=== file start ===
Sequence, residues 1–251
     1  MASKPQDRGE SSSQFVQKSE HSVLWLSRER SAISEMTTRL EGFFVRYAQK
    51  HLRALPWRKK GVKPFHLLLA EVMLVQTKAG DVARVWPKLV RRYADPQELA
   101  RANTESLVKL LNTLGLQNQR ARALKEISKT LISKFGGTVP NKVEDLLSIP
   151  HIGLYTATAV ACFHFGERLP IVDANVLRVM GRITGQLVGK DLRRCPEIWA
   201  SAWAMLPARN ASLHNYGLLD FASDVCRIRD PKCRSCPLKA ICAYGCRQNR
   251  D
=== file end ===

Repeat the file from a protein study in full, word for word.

Sequence, residues 1–251
     1  MASKPQDRGE SSSQFVQKSE HSVLWLSRER SAISEMTTRL EGFFVRYAQK
    51  HLRALPWRKK GVKPFHLLLA EVMLVQTKAG DVARVWPKLV RRYADPQELA
   101  RANTESLVKL LNTLGLQNQR ARALKEISKT LISKFGGTVP NKVEDLLSIP
   151  HIGLYTATAV ACFHFGERLP IVDANVLRVM GRITGQLVGK DLRRCPEIWA
   201  SAWAMLPARN ASLHNYGLLD FASDVCRIRD PKCRSCPLKA ICAYGCRQNR
   251  D